The University of Texas System Board of Regents awarded nearly $1.6 million to outstanding faculty members from each of UT’s nine academic institutions Wednesday night in one of the nation’s largest monetary teaching recognition programs in higher education.
The Regents’ Outstanding Teaching Awards (ROTA) was established in 2008 for academic institutions and in 2012 for health institutions. Since the program began, the Board of Regents has distributed $12 million in cash awards to faculty members who have demonstrated extraordinary classroom performance and dedication to innovation.
Each of the 63 faculty honorees receive an unrestricted check for $25,000. Current and past honorees are showcased on the UT System’s ROTA website.
"I'm very proud to be part of a university system that acknowledges the importance of teaching,” said James Karboski, a ROTA recipient who is a clinical professor in the College of Pharmacy at UT Austin. “Guiding my students through a new concept and seeing the look in their eyes as they grasp it is an incredible thing. I am truly honored to receive the Regents’ Outstanding Teaching Award."
An additional 39 faculty members from UT’s six health institutions were honored in July, bringing the Regents’ 2013 financial commitment for honoring outstanding teachers to almost $2.6 million.
“Our faculty members are the heart and soul of our institutions, and they are the most critical factor in student success,” Board of Regents Chairman Gene Powell said. “The Board created the ROTA program because of our respect and appreciation for these outstanding teachers, and because we want to make sure our institutions continue to be places of educational excellence.”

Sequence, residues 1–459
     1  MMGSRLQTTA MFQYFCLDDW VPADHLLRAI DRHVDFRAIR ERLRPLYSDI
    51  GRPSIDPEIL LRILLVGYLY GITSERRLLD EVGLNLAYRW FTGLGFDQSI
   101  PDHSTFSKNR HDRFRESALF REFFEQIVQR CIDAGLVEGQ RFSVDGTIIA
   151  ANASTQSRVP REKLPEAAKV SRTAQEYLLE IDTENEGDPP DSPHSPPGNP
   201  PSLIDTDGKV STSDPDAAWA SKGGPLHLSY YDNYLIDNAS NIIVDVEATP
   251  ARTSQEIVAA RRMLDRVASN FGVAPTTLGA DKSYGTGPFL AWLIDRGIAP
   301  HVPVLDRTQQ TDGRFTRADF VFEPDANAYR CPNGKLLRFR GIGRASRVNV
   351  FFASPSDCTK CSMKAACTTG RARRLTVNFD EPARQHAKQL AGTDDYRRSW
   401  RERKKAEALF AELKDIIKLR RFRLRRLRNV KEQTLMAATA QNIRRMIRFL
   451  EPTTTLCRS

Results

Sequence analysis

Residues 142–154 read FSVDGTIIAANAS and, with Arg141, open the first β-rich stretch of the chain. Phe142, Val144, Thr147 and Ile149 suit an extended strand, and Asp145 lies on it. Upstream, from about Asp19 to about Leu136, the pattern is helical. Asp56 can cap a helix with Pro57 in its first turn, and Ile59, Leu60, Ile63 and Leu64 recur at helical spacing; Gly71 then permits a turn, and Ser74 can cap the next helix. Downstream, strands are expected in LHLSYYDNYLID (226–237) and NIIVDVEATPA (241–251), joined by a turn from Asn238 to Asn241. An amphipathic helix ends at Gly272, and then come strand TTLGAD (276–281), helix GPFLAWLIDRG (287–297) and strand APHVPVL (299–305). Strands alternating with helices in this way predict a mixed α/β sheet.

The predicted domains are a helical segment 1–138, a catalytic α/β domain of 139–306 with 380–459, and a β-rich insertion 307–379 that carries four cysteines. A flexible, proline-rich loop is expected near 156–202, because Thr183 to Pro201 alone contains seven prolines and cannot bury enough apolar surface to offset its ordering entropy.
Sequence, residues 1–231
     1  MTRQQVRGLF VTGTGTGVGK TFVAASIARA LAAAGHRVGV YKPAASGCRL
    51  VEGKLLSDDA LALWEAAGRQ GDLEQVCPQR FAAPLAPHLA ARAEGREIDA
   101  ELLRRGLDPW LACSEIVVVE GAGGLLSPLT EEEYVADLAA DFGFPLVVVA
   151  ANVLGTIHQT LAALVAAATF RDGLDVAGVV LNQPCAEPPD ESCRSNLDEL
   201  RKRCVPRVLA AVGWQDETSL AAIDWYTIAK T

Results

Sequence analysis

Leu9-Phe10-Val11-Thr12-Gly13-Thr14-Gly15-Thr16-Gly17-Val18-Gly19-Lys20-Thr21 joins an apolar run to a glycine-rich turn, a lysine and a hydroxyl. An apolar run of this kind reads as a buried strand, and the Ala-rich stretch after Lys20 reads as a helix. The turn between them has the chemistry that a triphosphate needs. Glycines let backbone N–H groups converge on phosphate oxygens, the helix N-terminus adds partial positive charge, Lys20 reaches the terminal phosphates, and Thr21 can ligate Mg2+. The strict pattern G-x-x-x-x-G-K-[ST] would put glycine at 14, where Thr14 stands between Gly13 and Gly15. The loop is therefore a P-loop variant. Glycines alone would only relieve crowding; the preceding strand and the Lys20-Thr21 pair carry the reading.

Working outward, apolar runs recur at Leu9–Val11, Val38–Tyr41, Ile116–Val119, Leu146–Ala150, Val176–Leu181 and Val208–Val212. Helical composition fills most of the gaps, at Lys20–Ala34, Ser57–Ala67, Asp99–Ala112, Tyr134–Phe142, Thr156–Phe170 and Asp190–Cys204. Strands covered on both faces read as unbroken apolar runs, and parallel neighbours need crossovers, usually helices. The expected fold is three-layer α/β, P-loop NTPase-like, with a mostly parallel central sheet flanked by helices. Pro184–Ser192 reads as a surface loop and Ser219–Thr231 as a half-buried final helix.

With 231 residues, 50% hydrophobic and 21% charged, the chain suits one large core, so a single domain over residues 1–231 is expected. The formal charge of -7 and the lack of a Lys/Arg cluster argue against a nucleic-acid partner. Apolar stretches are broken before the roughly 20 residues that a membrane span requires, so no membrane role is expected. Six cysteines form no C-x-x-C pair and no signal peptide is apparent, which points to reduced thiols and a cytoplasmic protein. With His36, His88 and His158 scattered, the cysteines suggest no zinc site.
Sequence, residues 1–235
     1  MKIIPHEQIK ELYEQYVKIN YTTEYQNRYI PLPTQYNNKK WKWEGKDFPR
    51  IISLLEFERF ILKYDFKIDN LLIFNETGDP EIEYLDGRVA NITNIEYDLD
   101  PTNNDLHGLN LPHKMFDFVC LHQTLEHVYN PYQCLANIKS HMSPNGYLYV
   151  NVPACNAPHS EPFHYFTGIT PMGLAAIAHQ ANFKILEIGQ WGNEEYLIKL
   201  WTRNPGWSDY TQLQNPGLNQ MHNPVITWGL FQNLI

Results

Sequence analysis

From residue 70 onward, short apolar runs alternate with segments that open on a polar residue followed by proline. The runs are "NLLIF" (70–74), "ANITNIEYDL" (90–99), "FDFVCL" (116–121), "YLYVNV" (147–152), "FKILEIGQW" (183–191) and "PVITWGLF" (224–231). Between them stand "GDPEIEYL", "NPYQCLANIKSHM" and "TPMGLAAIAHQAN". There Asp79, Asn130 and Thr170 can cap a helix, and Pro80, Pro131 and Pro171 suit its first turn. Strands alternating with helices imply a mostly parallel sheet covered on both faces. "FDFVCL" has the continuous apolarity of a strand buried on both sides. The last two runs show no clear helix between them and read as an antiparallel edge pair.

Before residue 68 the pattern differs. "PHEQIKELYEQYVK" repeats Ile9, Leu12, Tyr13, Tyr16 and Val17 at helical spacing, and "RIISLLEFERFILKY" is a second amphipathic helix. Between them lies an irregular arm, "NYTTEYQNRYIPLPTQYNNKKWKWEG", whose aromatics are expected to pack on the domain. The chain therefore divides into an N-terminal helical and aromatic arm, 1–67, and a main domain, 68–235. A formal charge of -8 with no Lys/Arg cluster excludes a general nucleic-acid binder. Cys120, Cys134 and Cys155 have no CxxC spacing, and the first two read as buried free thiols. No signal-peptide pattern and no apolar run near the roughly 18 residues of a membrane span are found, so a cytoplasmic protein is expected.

ROTA recipients are vetted by colleagues, students and campus presidents at their own institutions before advancing to competition at the System level. Then, candidates from each institution are evaluated by a selection committee of distinguished educators from both in and outside the UT System.
In their evaluations of a candidate’s teaching performance, members of the selection committee consider a range of activities and criteria, including classroom expertise, curricula quality, innovative course development and student learning outcomes.
Because of the depth and breadth of educators across the UT System, the awards are among the nation’s most competitive and the selection process is extremely rigorous, UT System Chancellor Francisco Cigarroa said.
“We are deeply grateful to the Regents for their ongoing commitment to honor our very best and most dedicated faculty,” Cigarroa said. “These awards recognize the immeasurable impact teachers have on our students, who will shape the future of our communities across Texas and the nation.”
Educating students, providing care for patients, conducting groundbreaking research and serving the needs of Texans and the nation for more than 130 years, The University of Texas System is one of the largest public university systems in the United States, with nine academic universities, six health institutions and a fall 2012 enrollment of roughly 216,000. The UT System confers more than one-third of the state’s undergraduate degrees, educates two-thirds of the state’s health care professionals annually and accounts for almost 70 percent of all research funds awarded to public universities in Texas. The UT System has an annual operating budget of $13.9 billion (FY 2013) including $3.1 billion in sponsored programs funded by federal, state, local and private sources. With more than 87,000 employees, the UT System is one of the largest employers in the state.